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farmers

Most farmers haven't had a good year since President Trump took office and his policies on trade, immigration and ethanol are part of the problem. Yet farmers, who broadly supported Trump in 2016 are largely sticking with him as the impeachment inquiry moves forward. And if they did abandon him, it may not matter.

Farmer Luke Ulrich says he works at least 12 hours a day, almost every day, tending his crops and cattle near Baldwin City, Kan.

The hot, dry weather that dominated the region in late September and early October shouldn't have much of an effect on this year's Christmas tree crop. It could mean fewer trees in the future, though.

Recently-sprouted soybeans on a farm in Central Ohio.
Nick Evans / WOSU

Farmers who couldn’t plant crops due to wet weather this spring will be able to get tax breaks on their land more easily, thanks to a change from the Franklin County Board of Revision.

U.S. farmers, who have been hard hit by President Trump's trade wars, got some relief Wednesday, when Trump signed an interim trade deal with Japan.

The agreement calls for lower Japanese tariffs on U.S. farm exports such as beef and pork. It also locks in tariff-free digital commerce. But it does not address the president's threat to level punishing tariffs on imported cars from Japan. A top trade negotiator says Trump has no plans to act on that threat for now.

Jack Cochran, Garrett Hoffman and Sara Deakin are Ohio State students who attended the Farm Science Review's job fair.
Nick Evans / WOSU

The agricultural industry has taken a pummeling the past few years, with bad weather this spring compounding an ongoing trade war.

Farmers in the rural Midwest say they are struggling because of President Trump's ongoing trade war and a recent decision the president made on renewable fuels made from corn and soybeans that benefits the oil industry.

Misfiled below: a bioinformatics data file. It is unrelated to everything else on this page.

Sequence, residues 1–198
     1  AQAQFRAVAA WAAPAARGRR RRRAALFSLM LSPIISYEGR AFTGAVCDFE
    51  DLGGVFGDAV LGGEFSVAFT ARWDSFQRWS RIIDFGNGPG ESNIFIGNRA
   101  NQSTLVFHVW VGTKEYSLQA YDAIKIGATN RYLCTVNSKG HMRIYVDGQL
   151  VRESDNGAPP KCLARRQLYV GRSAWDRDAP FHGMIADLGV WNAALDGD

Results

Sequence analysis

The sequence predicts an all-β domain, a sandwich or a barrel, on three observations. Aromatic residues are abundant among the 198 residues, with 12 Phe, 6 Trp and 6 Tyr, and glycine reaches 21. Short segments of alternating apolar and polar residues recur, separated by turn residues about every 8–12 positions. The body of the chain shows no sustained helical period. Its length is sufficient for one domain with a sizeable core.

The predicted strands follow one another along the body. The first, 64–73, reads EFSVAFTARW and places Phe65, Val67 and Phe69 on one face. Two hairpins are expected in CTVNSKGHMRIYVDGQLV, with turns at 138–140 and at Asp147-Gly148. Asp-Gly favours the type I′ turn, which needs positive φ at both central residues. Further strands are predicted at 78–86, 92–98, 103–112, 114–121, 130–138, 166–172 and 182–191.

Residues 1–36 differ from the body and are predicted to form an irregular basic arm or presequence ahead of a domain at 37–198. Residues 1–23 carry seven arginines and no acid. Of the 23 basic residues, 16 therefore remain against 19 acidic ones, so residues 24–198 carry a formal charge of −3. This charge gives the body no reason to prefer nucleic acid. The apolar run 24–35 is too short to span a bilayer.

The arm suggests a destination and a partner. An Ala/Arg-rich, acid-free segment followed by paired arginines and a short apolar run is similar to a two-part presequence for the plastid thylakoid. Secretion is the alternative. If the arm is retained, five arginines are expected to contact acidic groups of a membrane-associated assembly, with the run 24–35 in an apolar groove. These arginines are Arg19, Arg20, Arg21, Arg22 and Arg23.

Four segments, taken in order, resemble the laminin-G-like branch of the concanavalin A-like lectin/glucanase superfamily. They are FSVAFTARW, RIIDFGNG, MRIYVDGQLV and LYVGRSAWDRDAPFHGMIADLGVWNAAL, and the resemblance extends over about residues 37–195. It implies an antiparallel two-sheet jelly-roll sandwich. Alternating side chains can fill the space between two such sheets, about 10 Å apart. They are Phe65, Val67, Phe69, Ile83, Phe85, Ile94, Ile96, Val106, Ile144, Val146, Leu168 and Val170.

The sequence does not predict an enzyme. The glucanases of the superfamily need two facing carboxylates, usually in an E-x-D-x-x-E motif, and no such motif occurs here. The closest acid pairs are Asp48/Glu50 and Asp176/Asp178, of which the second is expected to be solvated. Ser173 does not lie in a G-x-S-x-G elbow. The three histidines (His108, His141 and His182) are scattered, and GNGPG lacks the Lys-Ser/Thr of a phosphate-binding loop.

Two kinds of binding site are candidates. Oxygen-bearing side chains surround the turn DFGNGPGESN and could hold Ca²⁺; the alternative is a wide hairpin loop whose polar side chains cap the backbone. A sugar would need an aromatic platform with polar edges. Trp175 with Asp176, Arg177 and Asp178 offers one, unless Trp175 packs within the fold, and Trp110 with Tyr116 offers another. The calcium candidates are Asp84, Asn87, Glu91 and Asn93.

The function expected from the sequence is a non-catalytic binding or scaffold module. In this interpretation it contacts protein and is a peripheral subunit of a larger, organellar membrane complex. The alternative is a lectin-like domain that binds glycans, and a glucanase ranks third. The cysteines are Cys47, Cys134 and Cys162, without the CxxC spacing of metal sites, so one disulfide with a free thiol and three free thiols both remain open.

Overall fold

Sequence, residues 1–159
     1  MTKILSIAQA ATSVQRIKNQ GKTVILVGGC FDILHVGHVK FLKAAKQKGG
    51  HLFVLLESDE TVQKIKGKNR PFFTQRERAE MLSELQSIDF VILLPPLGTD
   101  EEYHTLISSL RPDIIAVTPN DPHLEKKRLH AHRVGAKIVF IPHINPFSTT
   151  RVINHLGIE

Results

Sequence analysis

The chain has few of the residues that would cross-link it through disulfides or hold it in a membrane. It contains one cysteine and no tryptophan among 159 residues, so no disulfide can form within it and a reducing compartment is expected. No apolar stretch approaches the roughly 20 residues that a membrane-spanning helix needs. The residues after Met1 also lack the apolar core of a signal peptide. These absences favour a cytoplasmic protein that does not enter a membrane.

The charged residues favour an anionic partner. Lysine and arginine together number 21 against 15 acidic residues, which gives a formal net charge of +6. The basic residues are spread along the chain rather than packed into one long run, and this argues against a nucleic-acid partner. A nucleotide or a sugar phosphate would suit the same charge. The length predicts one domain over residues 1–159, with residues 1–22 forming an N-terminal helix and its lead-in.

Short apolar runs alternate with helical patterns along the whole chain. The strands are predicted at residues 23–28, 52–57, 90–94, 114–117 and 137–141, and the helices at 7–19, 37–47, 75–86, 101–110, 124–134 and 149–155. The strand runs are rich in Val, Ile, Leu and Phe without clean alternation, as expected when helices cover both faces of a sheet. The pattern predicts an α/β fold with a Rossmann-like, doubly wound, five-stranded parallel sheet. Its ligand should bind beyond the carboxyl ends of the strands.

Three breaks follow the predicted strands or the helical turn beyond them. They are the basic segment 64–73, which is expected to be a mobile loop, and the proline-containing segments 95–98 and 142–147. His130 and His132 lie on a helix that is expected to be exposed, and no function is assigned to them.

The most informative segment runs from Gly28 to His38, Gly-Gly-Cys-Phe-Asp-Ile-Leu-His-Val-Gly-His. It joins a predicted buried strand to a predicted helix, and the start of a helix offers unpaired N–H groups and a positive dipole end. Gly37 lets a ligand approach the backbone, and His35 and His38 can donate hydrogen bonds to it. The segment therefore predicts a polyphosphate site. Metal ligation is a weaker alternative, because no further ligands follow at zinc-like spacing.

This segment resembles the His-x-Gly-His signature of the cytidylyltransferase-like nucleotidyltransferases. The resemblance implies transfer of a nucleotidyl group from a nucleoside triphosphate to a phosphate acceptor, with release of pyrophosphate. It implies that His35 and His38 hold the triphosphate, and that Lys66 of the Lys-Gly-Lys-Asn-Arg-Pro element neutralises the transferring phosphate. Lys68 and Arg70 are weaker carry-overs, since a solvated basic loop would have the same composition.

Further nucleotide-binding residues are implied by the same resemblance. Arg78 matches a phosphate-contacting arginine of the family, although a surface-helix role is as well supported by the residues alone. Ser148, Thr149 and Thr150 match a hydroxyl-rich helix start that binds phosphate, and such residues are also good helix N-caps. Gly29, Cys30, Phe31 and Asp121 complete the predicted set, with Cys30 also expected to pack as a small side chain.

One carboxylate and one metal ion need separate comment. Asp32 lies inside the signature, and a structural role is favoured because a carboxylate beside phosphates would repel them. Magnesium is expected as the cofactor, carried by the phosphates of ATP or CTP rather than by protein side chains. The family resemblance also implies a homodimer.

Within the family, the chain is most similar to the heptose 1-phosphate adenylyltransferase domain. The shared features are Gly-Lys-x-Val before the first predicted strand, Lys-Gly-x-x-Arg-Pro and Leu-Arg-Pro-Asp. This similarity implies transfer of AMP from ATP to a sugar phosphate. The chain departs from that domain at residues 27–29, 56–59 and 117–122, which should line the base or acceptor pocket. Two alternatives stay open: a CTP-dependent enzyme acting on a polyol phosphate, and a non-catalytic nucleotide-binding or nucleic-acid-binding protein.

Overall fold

"We're tightening our belt," farmer Aaron Lehman says while driving his tractor down a rural road near his farm north of Des Moines, Iowa. "We're talking to our lenders, our landlords [and] our input suppliers."

Recently-sprouted soybeans on a farm in Central Ohio.
Nick Evans / WOSU

The Ohio Department of Agriculture launched “Got Your Back" on Tuesday, a program designed to connect farmers around the state with mental health resources in their area, and help combat the stigma that surrounds the issue.

Wikipedia

While farm bankruptcies around the country are rising, Ohio’s rate is still the lowest in the Midwest. 

Gov. Mike DeWine talks to farmer Kris Swartz in Perrysburg on June 19, 2019.
Nick Evans / WOSU

Across the nation, farmers were kept from planting almost 10 times as many acres this year as they were in 2018. 

Cows owned by Christian Hoffman at his farm just south of Columbus.
Nick Evans / WOSU

While agriculture is the largest industry in Ohio, most residents haven’t lived on a farm for three generations. A new international film festival highlights the importance and contributions of agriculture and its associated industries.

Sen. Rob Portman (R-Ohio)
John Minchillo / Associated Press

Sen. Rob Portman (R-Ohio) visited the Ohio State Fair over the weekend to mingle with hundreds of farmers from around the state, while news spread that President Donald Trump was moving forward with plans to increase tariffs on Chinese imports. 

If you're caught in a trade war, it's good to be a farmer.

Lots of American companies have lost sales since the Trump administration and China embarked on the current cycle of tariff-raising and retaliation. Few, if any, have been compensated as handsomely as farmers.

Robert Henry is driving along the top of a Mississippi River levee, giving me a tour of land where he'd love to be planting soybeans right now. We're just east of New Madrid, Mo.

"Smells kind of raunchy, doesn't it?" he says.

From the window of Henry's truck, I see what looks like a swamp, with trees standing in water. Then we make a turn, and suddenly, as far as I can see, there's water. It covers a wide flood plain between the main river channel and the levee. This is where Henry normally grows his crops.

Gov. Mike DeWine talks to farmer Kris Swartz in Perrysburg on June 19, 2019.
Nick Evans / WOSU

In Perrysburg on Wednesday, Kris Swartz hosted Gov. Mike DeWine and a couple dozen local famers to explain how badly this spring’s rain has derailed planting. Swartz says this year he’s had only one day—June 12—where he was able to plant.

Record rainfall in Cincinnati is causing a local co-operative farm to re-adjust its harvest plan.

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